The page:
Presentations by Roman Maeder

This material is intended primarily for the benefit of the attendees of the respective conferences. The notebooks were used for presentation during the lectures; they do not contain all explanations given.

The notebooks can be read with Mathematica Version 5 or MathReader (free download).

Wolfram Technology Conference Champaign, Illinois (Oct 21-23, 2004)

Parallel Computing Toolkit, Version 2
The Parallel Computing Toolkit is a Mathematica AddOn that allows users to develop and run parallel computations. It provides a high-level language for expressing parallel algorithms in a machine-independent way. This presentation gives a preview of the upcoming Version 2 of the toolkit.
Queues: an Exercise in Data Type Design
Part of the Parallel Computing Toolkit is an extensible queueing system. We discuss the design of the interface and reference implementations of different kinds of queues in an obejct-oriented way.

Computing in High-Energy Physics Interlaken, Switzerland (Sept. 26-30, 2004)

gridMathematica: Parallel Numeric and Symbolic Computing
The Parallel Computing Toolkit is a Mathematica AddOn that allows users to develop and run parallel computations. It provides a high-level language for expression parallel algorithms in a machine-independent way. gridMathematica takes full advantage of the Parallel Computing Toolkit for providing an easy-to-use environment for parallel computations on multi-processor machines, clusters, or grids of compute nodes. The presentation discusses the features of the Parallel Computing Toolkit and gives examples of applications.

Workshop on Parallel Symbolic Computation at the MSRI, Berkeley, California (Oct. 1-3, 1998)

The Parallel Computing Toolkit
The Parallel Computing Toolkit brings parallel computation to anybody having access to more then one computer on a network. It implements many parallel programming primitives, and includes high-level commands for parallel execution of operations such as animation, plotting and matrix manipulation. Also supported are many popular new programming approaches such as parallel Monte Carlo simulation, visualization, searching and optimization. The implementations for all high-level commands in the Parallel Computing Toolkit are provided in Mathematica source form, and serve as templates for building additional parallel programs.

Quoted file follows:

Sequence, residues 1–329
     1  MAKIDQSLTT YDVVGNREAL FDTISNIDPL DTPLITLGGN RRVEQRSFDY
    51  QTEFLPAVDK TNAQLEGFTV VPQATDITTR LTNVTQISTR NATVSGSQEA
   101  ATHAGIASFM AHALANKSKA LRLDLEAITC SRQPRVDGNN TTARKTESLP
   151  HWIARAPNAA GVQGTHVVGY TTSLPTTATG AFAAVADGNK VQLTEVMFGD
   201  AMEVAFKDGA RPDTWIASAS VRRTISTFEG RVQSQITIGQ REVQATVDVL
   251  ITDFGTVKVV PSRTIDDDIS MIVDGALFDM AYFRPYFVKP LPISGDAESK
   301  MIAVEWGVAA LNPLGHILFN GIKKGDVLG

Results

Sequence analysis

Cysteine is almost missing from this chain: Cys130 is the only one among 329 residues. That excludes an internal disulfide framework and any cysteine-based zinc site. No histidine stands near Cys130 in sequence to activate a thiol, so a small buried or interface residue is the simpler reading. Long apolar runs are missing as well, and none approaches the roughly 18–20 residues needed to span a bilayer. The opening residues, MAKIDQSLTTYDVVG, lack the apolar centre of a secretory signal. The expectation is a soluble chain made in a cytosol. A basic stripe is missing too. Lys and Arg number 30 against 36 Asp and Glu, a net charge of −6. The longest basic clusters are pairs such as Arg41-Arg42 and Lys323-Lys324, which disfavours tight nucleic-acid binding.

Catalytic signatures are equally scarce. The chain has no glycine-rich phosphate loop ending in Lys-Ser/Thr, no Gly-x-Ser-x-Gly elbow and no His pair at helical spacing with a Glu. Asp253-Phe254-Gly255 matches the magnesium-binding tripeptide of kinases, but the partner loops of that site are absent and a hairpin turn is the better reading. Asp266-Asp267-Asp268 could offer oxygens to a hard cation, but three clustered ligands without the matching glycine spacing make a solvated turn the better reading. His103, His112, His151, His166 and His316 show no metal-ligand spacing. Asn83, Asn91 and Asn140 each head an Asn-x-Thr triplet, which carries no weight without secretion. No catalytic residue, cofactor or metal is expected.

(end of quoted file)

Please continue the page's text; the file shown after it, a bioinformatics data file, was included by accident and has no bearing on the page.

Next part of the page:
1998 Worldwide Mathematica Conference, Chicago, June 1998

Global Optimization
The use of interval arithmetic for constrained and unconstrained global optimization. Interval methods allow the localization of global minima even in the presence of discontinuities and singularities. Contraints can be nonlinear.
Quasi-Random Numbers
A first look at a Mathematica package for the generation of Niederreiter sequences and other quasi-random numbers. Such sequences can be used in Monte-Carlo simulation; Their lower discepancies compared to good pseudo-random numbers lead to much improved convergence. The package is a joint development of CSK (Schweiz) AG and MathConsult Dr. R. Mäder.

This package is now available through MathDirect.

Earlier Presentations

The notebooks and demonstration programs for the keynote lectures given by R. Maeder at IMS'97 (Second International Mathematica Symposium), Rovaniemi, Finland, June 29 - July 4, 1997 are available from this page.

Also available is the notebook for the tutorial on object-oriented programming presented at the Mathematica Developer Conference, Champaign, USA, Oct. 27 - 29, 1997.

Programming Bits
Nonlocal flow of control, error handling, Split[]: a new function in Version 3, manipulating unevaluated expressions, using interval arithmetic for plotting functions.
Object-Oriented Programming
The object-oriented programming style is becoming increasingly popular. It promises code reuse and easier maintenance of larger projects than is possible with traditional procedural languages. Its use of methods and message passing instead of procedure calls shifts the programmer's view toward close integration of data and operations.
We give an introduction to object-oriented programming and discuss the package Classes.m, which implements object-oriented programming in Mathematica.
These tutorial notes are adapted from The Mathematica Programmer, AP Professional, 1994. The Classes.m package is available from MathSource.

Notebook and Package Copyright

© 1997-1998 by MathConsult Dr. R. Mäder
The notebooks and packages may be used for personal and instructional, noncommercial purposes only. Commercial licensing is available upon request.

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